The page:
This testimony may explain the conflict in the evidence that there were remnants of old wooden posts whereas defendant Joe Polich testified a photograph marked defendants' Exhibit 3 showed ‘some old fence posts here, metal posts * * *.’ The identical Exhibit 3 shows some metal posts without fencing material and some metal posts with fencing in slightly different lines. The photograph was taken by defendant Joe Polich within two months of the trial date.

There is no serious question presented in this controversy that the plaintiff Saunders, as successor in interest to O'Harra, is the owner of the quarter section thus delineated and described, but rather the unresolved issue pertains to the location of this quarter's boundaries upon the ground. Since this issue was resolved by the trial court by reference to Kenyon's survey, the correctness of that survey is here subject to review.

At trial and on appeal, defendants asserted the survey was not legally sufficient. We may take judicial notice ‘that, under the laws of the United States and the regulations of the land office, no sales of public lands are made until the plat and field notes of the subdivisional survey of the township in which they lie have been returned and approved * * *.’ (Kimball v. McKee, 149 Cal. 435, 439, 86 P. 1089, 1091; South Shore Land Co. v. Petersen, 226 Cal.App.2d 725, 745, 38 Cal.Rptr. 392.) These records constitute a public record and certified copies of this plat and the field notes of the government surveyor are available in the land office of each state. The purpose for which these notes are preserved is to enable subsequent holders of these lands to accurately relocate section and quarter-section corners when the original marker or monument locating this point has been obliterated or when the corner has otherwise been lost.

Plaintiff Roos herein sought to accurately relocate, by survey, her common boundary with the defendants' property. Even though the early government surveys may at times have been inaccurate, it is incumbent upon the surveyor to relocate the boundaries by reference to the government plat or field notes. (County of Yolo v. Nolan, 144 Cal. 445, 449, 77 P. 1006; Harrington v. Boehmer, 134 Cal. 196, 199, 66 P. 214, 489.) In seeking to locate the previously established government boundary, generally it is the duty of the surveyor to first attempt to establish these lines by reference ‘to the monuments placed in the original surveys. Secondly, if such corners cannot be established the (government survey) field notes should be taken and ‘from the courses and distances, natural monuments, or objects and bearing trees described therein, the surveyor should endeavor to fix the line precisely as it is called for by the field notes. He should endeavor to retrace the steps of the man who made the original survey’ (citation), and if by doing so the line can be located it must be done, and when so located ‘it must control.“ (de Escobar v. Isom, 112 Cal.App.2d 172, 175, 245 P.2d 1105, 1107; see also Porter v. Counts, 6 Cal.App. 550, 554—555, 92 P. 655; Ogden's California Real Property Law (1956), s 12.3, pp. 428—430.)

From the testimony of plaintiff's surveyor, it appears that he did not commence his survey from any known point established by a prior official government survey, nor did he attempt to do so, but rather ‘started from more than one point.’ The ‘points' relied upon by this surveyor appear to have been a point established by a Department of Highways freeway survey. The location of the remaining starting points utilized by the surveyor was not established by the evidence. However, the surveyor was of the opinion that the freeway point represented a quarter-section corner of the section in which the plaintiff's property was located.

Irrespective of the accuracy and skill with which the surveyor ran the respective courses and distances necessarily involved in the making of the survey of plaintiff's property, he admittedly failed to locate or utilize any markers or monuments established, as section corners or otherwise, by the last official government survey of this region. This witness also admittedly failed to utilize the field notes of the last official survey to reestablish these ‘lost’ or ‘obliterated’ corners, and he did not utilize these official notes to verify the accuracy of the Department of Highways' survey.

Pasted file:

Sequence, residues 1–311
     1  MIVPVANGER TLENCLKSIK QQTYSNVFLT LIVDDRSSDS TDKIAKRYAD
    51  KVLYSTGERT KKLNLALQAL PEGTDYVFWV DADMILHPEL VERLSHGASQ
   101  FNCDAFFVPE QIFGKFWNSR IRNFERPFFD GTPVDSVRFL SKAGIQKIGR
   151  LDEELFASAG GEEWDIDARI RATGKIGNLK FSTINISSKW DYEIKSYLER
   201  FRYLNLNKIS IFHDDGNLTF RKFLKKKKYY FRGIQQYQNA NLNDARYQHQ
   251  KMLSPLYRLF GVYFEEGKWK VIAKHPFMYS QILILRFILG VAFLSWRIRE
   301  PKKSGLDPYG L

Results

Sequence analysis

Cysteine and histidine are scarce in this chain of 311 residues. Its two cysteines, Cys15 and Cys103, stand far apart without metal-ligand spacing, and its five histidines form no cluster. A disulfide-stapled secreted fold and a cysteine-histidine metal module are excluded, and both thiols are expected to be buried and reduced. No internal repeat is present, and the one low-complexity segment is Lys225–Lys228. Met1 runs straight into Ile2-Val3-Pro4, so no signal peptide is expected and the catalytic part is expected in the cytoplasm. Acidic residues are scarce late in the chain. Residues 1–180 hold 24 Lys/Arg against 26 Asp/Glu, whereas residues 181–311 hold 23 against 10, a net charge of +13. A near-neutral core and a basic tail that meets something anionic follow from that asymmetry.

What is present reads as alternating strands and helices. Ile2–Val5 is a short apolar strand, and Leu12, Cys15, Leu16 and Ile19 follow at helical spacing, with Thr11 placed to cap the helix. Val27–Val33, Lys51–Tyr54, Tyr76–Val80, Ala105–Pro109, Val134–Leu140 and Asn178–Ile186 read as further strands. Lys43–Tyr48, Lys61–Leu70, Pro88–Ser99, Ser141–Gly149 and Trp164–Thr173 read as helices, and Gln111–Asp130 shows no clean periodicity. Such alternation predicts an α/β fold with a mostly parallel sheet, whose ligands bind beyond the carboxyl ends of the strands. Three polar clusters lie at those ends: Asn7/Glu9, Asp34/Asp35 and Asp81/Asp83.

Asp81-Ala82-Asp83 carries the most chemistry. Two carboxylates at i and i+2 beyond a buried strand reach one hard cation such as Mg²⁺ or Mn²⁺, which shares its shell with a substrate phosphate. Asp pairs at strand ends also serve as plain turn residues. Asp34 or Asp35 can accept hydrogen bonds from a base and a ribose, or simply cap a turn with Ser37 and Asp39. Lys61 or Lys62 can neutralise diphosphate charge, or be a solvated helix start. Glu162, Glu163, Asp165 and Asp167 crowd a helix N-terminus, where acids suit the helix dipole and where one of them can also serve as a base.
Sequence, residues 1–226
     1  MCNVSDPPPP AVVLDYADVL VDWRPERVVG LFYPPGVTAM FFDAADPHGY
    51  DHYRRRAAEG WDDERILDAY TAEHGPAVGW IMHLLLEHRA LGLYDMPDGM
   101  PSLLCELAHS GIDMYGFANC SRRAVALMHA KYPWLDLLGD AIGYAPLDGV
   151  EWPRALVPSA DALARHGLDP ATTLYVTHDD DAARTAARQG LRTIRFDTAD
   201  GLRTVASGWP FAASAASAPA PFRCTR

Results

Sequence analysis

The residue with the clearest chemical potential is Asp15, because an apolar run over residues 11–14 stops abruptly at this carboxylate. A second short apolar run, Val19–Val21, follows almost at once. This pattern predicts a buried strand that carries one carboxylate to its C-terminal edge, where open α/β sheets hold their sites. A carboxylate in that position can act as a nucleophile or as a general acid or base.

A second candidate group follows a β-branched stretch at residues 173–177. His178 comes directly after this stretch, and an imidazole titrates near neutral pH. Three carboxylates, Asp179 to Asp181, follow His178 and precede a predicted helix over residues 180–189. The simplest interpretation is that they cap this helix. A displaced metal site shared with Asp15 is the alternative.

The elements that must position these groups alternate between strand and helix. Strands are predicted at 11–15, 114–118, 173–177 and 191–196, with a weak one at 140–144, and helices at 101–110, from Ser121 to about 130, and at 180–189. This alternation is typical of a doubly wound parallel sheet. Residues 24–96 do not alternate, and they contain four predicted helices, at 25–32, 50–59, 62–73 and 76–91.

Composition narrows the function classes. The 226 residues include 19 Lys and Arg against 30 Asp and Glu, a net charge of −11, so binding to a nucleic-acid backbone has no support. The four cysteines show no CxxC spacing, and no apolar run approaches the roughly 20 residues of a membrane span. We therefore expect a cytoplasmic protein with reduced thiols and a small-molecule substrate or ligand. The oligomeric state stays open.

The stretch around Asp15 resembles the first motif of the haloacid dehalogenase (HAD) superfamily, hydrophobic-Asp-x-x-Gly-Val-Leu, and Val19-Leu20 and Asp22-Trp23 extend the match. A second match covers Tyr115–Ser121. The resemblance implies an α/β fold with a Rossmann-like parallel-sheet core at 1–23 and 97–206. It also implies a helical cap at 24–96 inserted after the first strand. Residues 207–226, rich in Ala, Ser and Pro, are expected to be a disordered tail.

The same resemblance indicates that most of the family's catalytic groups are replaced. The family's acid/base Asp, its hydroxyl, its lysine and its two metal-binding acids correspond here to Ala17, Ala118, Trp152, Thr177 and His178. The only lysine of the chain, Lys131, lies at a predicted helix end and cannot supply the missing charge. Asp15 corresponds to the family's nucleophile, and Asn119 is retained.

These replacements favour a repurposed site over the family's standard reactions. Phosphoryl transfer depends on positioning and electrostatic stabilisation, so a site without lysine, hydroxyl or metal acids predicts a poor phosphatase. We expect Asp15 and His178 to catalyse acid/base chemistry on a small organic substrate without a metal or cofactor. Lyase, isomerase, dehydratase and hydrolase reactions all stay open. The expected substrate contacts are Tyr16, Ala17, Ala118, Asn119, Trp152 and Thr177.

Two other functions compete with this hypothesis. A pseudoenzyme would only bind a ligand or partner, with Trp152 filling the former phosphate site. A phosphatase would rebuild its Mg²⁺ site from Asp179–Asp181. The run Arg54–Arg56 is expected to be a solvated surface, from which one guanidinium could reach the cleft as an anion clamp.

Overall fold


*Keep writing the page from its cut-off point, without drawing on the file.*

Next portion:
As disclosed by the record, the surveyor failed to refer to the official field notes of survey at any time during this survey, nor were these notes in evidence before the trial court. Yet, inconsistently, the decree quieting title to the trapezoidalshaped parcel in dispute describes plaintiff Saunders' property, including the parcel in dispute, by reference to the official government plat of this parcel as approved by the Surveyor General after the official survey on May 19, 1857. Since the Kenyon survey was not based upon the official plat of this parcel, or on the official survey field notes, as a matter of simple geometric construction, there is no certainty the two surveys commenced at the same point or that the parcel encompassed within the boundaries ascertained by plaintiffs' survey is congruent with or coextensive to the parcel as described in the official survey.

There was evidence from one Sturnacle that some of the official section corner-markers were still in place, and that a brass-capped government monument on the township line existed in the adjoining section. However, Sturnacle was in no wise qualified as an expert but testified from his memory as to earlier hearsay statements. One defendant testified as to a section corner-marker, but again this was without qualifying the witness or laying a proper foundation for this testimony.

The foregoing evidence discloses the surveyor, despite his professional opinion to the contrary, at best commenced his survey at a point established by the Department of Highways, which point was purportedly the quarter-section corner. But it is the federal government survey which is conclusive, Verdi Development Company v. Dono-Han Mining Company, 141 Cal.App.2d 149, 152—153, 296 P.2d 429; Reid v. Dunn, 201 Cal.App.2d 612, 615, 20 Cal.Rptr. 273, and in the absence of a comparison of the Department of Highways' field notes to those of the official survey, or some other survey actually ‘retracing the steps' of the official survey, we are of the opinion the Kenyon survey was insufficient as a matter of law, and the judgment must, in consequence, be reversed.

We express no opinion as to the applicability of the agreed or ‘acquiesced in’ boundary doctrine for the evidence and record are not clear as to the exact location of the various fence lines constituting the purported agreed boundary in relation to any properly evidenced starting point. (See Hannah v. Pogue, 23 Cal.2d 849, 857, 147 P.2d 572; de Escobar v. Isom, supra, 112 Cal.App.2d 172, 173, 245 P.2d 1105.)

The judgment is reversed.

McCABE, Presiding Justice.

KERRIGAN and TAMURA, JJ., concur.